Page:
What is a Farrier?

Farriers are part blacksmith and part veterinarian, specializing in equine hoof care and the anatomy of the lower limbs in horses. They are able to watch for signs of disease or other health-related issues such as lameness, and can intervene before a major problem occurs.

While this career is not as prevalent as it once was when horses were used as work animals, this trade is still highly respected and continues to be a necessary part of equine health.

What does a Farrier do?

Farriers are professionals trained to handle horses and fit shoes to their feet. Shoes must be regularly removed, replaced, and inspected in order to keep the feet healthy. Horses typically require re-shoeing every six to eight weeks.

A farrier holding a horse's foot and trimming the hoof.

Fitting a horse with shoes requires a lot of patience and strength, as horses are very large, powerful animals.

Before beginning, a farrier will evaluate the horse’s gait, hoof balance, and conformation. They will then lift up the hoof, take the old shoe off, clear out any caked-on mud, trim the hoof, cut out excess hoof walls, dead sole, and dead frog. They will also inspect the general health of the foot.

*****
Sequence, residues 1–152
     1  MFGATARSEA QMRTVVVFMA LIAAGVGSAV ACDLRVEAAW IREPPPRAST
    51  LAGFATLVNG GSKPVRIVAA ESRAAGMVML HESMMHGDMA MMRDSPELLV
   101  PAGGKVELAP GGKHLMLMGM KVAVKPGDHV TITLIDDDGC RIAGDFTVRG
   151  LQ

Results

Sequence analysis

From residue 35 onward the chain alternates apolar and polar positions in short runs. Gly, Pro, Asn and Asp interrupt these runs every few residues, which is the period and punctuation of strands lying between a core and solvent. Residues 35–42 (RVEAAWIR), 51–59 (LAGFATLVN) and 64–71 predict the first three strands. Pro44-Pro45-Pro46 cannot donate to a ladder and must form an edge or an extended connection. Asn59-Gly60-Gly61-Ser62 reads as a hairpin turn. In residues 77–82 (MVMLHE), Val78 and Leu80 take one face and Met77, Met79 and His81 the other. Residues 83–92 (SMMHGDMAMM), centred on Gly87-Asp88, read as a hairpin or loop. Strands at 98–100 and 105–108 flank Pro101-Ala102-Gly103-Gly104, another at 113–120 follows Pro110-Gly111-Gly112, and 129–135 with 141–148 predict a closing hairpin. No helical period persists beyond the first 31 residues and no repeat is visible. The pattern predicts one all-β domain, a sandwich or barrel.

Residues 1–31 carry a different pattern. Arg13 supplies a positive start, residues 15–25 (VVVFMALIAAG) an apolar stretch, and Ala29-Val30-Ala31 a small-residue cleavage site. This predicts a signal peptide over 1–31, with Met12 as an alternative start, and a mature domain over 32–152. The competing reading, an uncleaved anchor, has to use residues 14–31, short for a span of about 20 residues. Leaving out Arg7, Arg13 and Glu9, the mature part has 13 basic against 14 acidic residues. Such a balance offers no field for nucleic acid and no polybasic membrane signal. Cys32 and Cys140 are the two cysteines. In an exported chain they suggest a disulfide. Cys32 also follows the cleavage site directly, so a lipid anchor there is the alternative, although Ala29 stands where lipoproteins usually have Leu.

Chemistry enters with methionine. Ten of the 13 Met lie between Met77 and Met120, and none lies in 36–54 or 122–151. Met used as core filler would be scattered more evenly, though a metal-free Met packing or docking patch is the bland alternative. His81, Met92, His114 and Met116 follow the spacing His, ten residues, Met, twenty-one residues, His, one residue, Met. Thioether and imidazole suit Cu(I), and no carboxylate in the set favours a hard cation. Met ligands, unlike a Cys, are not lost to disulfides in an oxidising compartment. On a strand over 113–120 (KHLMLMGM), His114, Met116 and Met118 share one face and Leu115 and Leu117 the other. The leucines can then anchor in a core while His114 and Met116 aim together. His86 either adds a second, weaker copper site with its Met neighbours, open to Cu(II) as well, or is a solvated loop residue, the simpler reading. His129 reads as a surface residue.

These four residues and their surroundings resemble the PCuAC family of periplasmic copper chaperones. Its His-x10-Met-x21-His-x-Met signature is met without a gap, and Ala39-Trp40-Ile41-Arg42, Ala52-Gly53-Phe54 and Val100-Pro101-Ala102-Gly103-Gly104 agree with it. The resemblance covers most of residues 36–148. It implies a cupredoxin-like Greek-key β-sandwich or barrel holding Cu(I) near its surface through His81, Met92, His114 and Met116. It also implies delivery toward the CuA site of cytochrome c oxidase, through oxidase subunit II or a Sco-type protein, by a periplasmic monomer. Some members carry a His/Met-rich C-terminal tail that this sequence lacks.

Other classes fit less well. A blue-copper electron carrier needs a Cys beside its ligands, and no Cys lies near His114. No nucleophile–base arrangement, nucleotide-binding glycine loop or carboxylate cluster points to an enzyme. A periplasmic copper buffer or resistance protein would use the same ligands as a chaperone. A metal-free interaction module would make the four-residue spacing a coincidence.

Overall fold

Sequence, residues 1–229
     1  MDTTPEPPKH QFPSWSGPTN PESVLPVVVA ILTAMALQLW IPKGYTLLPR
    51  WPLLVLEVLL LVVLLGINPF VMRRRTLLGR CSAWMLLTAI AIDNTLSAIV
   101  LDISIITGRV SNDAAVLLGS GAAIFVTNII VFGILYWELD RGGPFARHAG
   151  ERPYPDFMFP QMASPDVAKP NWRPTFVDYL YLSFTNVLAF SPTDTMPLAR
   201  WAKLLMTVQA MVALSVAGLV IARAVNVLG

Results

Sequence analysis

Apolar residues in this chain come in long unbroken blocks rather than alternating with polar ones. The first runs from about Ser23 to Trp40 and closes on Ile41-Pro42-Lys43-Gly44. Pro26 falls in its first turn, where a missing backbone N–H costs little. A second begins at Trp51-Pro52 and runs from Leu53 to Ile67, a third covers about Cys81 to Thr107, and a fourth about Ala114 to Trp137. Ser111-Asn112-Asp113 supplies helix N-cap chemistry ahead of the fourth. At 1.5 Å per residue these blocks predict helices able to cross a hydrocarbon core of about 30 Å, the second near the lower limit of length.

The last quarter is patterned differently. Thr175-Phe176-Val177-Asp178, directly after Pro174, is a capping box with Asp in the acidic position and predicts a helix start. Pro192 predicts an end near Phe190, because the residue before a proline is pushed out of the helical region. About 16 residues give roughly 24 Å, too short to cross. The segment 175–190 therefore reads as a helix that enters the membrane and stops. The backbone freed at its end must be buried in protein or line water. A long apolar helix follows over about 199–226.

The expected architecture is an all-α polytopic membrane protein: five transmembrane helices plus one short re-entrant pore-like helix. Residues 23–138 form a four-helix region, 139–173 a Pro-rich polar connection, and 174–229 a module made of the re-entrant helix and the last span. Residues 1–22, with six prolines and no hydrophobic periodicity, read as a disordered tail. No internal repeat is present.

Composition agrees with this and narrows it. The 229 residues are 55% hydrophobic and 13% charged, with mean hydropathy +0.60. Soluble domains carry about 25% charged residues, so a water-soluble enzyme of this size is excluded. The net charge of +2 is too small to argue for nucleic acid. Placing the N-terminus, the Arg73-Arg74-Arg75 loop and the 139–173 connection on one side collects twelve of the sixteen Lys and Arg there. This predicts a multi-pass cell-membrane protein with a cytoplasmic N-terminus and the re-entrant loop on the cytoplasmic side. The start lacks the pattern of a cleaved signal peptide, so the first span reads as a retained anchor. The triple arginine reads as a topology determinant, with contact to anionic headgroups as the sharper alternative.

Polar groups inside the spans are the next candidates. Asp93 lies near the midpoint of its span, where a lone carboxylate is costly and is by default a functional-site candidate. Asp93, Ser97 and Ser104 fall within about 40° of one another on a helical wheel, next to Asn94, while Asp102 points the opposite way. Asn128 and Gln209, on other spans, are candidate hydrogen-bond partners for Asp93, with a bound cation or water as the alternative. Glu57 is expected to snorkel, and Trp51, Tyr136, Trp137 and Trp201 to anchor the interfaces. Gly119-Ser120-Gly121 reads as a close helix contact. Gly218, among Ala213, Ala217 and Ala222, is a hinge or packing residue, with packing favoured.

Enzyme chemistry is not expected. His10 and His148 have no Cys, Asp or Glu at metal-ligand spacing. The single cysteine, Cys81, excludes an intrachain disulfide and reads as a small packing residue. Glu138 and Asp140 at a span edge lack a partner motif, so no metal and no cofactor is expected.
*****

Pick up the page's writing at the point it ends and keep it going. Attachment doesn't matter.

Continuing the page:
The horse shoes are fitted uniquely to each animal. A farrier shapes the shoes through cold shoeing (where the metal is beaten into shape while it’s cold), or hot shoeing (where the farrier forges the shoes while the metal is hot).

Improperly fitted shoes can cause a lot of damage to a horse, likewise the right shoes can drastically improve a horse's well-being.

Are you suited to be a farrier?

Farriers have distinct personalities. They tend to be enterprising individuals, which means they’re adventurous, ambitious, assertive, extroverted, energetic, enthusiastic, confident, and optimistic. They are dominant, persuasive, and motivational. Some of them are also investigative, meaning they’re intellectual, introspective, and inquisitive.

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What is the workplace of a Farrier like?

Being a farrier is a very physically demanding job that requires a certain level of strength and fitness. Farriers spend most of their day either outdoors or in a barn, working side by side with horses.

They stand for long periods of time lifting and bending over a horse’s leg. It is said that four hours of farriery is similar to eight hours of construction work.

Some horses can be a bit more temperamental and difficult to work with, which will require more time. Farriers can also specialize in different types of shoeing for specialized horses, such as jumping horses, racehorses, or gaited horses.

Farriers are also known as:
Horseshoe Maker Equine Hoof Caretaker Journeyman Farrier